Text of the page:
In an embodiment, a radar system has (a) a beamformer for supplying sum beam and difference beam signals; and (b) a processor for: (1) receiving the signals; (2) computing monopulse ratios of the sum and difference beams; (3) computing, employing maximum likelihood estimation, a monopulse ratio estimate based on the monopulse ratio measurements; (4) accessing a data storage that associates the monopulse ratio estimate with a corresponding estimated angle value; (5) accessing a complex target amplitude corresponding to the estimated angle value; (6) comparing the complex target amplitude associated with the estimated target angle to a threshold to determine if a target is present; and (7) providing an output signal indicative of the estimated target angle if a target is determined to be present.

BRIEF DESCRIPTION OF THE DRAWINGS

Understanding of the present invention will be facilitated by consideration of the following detailed description of the preferred embodiments of the present invention taken in conjunction with the accompanying drawings, in which like numerals refer to like parts and:

FIG. 1 illustrates a plot of the sum and delta beams of an exemplary signal from a radar array according to the prior art;

FIG. 2 illustrates a process flow diagram of a maximum-likelihood detection and angle estimation process flow according to the prior art;

FIG. 3 illustrates a process flow diagram of a maximum-likelihood detection and angle estimation method according to an embodiment of the invention;

FIG. 4 illustrates a process flow diagram of the maximum-likelihood detection and angle estimation process flow according to an embodiment of the invention;

FIG. 5 illustrates an apparatus for maximum-likelihood target detection and angle estimation according to an embodiment of the invention;

FIG. 6 illustrates a radar system for maximum-likelihood target detection and angle estimation according to an embodiment of the invention.

DETAILED DESCRIPTION OF THE PREFERRED EMBODIMENTS

The following description of the preferred embodiments is merely by way of example and is not intended to limit the invention or its application.

The present invention relates, in an embodiment, to target detection and angle estimation in radar systems. FIG. 3 depicts a process in accordance for target detection and angle estimation based on receiving monopulse ratio data. The received monopulse ratio data may be generated based on monopulse beams generated by a beamformer. FIG. 3 depicts a process 300 in accordance with an embodiment of the invention comprising: (a) computing 330, based on received monopulse ratio data, using maximum likelihood estimation, a monopulse ratio estimate; (b) accessing 340 a value for angle estimation by searching 325 a table having monopulse ratio estimates to find a monopulse ratio estimate that is closest to, or the best value corresponding to, the monopulse ratio estimate determined in step 330, and retrieving 335 an angle value corresponding to the closest monopulse ratio estimate determined in step 330; (c) detection processing 345 including (1) accessing 350 a complex target amplitude corresponding to the estimated angle, and (2) comparing 360 the target amplitude of the estimated angle to a threshold to provide, if the amplitude exceeds the threshold, an output indicative of the estimated angle and target detection 370. In one embodiment accessing 340 a value for angle estimation includes searching 325 in data storage for a monopulse ratio value that is the closest to the estimated monopulse ratio and retrieving 335 a value for angle estimation from a database. In another embodiment accessing 340 a value for angle estimation may be derived by a computation based upon a formula in terms of monopulse ratio values.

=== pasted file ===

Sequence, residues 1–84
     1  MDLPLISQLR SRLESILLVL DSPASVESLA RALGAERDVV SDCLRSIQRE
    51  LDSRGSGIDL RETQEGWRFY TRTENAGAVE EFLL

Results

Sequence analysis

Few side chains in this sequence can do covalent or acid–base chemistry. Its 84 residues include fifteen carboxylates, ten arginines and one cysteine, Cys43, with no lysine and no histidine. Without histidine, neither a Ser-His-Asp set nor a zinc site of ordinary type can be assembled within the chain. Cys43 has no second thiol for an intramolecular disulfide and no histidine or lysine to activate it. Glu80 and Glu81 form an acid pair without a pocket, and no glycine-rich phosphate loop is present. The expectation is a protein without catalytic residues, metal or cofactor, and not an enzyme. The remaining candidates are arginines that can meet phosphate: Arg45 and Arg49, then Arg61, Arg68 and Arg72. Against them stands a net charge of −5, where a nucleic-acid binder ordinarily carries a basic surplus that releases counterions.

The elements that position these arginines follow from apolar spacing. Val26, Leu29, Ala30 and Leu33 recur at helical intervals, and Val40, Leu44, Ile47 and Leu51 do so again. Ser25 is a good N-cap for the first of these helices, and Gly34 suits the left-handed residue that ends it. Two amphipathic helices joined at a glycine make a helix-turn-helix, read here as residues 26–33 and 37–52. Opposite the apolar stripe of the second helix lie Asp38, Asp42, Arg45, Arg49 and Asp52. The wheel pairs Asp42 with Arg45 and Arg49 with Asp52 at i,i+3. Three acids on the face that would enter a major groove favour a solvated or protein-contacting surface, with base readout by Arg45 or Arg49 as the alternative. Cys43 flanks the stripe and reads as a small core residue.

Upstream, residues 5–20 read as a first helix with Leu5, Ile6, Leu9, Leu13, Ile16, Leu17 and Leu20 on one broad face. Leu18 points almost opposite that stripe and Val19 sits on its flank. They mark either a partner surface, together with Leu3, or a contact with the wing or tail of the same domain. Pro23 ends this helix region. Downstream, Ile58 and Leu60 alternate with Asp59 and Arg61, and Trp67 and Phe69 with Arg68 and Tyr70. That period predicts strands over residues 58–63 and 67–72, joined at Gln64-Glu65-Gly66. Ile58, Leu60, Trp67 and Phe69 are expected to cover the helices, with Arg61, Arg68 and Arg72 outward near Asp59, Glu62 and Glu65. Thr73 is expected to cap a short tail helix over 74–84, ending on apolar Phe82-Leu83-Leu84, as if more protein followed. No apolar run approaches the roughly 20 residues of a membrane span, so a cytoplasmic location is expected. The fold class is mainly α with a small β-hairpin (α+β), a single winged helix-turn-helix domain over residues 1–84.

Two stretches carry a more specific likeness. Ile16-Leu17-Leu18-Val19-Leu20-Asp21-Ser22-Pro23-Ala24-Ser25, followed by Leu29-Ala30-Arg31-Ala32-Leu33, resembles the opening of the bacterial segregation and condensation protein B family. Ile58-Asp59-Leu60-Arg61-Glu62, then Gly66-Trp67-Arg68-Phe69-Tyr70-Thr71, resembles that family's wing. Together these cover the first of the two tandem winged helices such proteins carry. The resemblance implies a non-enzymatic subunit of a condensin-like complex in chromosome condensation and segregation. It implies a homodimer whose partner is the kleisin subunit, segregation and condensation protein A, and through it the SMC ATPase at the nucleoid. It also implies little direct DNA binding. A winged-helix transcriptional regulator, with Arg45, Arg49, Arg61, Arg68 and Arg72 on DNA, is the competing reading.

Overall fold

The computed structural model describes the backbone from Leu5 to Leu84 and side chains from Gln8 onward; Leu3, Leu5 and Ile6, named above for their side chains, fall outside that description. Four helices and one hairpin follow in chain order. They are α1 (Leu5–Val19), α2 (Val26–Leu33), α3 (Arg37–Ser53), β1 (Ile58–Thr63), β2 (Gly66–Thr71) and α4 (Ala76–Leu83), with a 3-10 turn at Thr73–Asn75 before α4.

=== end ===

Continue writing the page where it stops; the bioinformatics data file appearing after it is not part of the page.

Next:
The present invention also relates, in an embodiment, to an apparatus including: a first processor that receives a signal including monopulse ratios derived from data from a radar array antenna to compute, based on maximum likelihood processing, a monopulse ratio estimate, a second processor to access a value for angle estimation, which in one embodiment includes the second processor searching a database correlating monopulse ratios and angle estimates to identify a monopulse ratio that is closest to or a best match for the monopulse ratio estimate, and retrieving the value for angle estimation corresponding to the identified monopulse ratio from the database; a third processor to access complex target amplitude corresponding to the angle estimation, and a fourth processor to compare the target amplitude of the angle estimation to a threshold to provide a maximum-likelihood target detection and angle estimation.

It should be understood that computing 330 a monopulse ratio estimate of FIG. 3 may have as input, signals from one or more types of monopulse signal generating antenna, such as the array type, in which a beamformer generates the desired beams directly, so long as they produce the sum signals and azimuth and elevation difference signals. As previously indicated, the sum signal, and the azimuth and elevation difference signals are used to determine the location of a target. In particular, for single target angle estimation, the azimuth and elevation angles can be determined by first forming the azimuth and elevation monopulse ratios using the conventional sum, azimuth difference and elevation difference beams given by the Equation 3a, 3b, respectively as follows:

M El = r Δ El r Σ ( 3 a ) M AZ = r Δ AZ r Σ ( 3 b )

The monopulse ratios are dimensionless numbers. The monopulse ratios with respect to angle off boresight can be read from a look up table.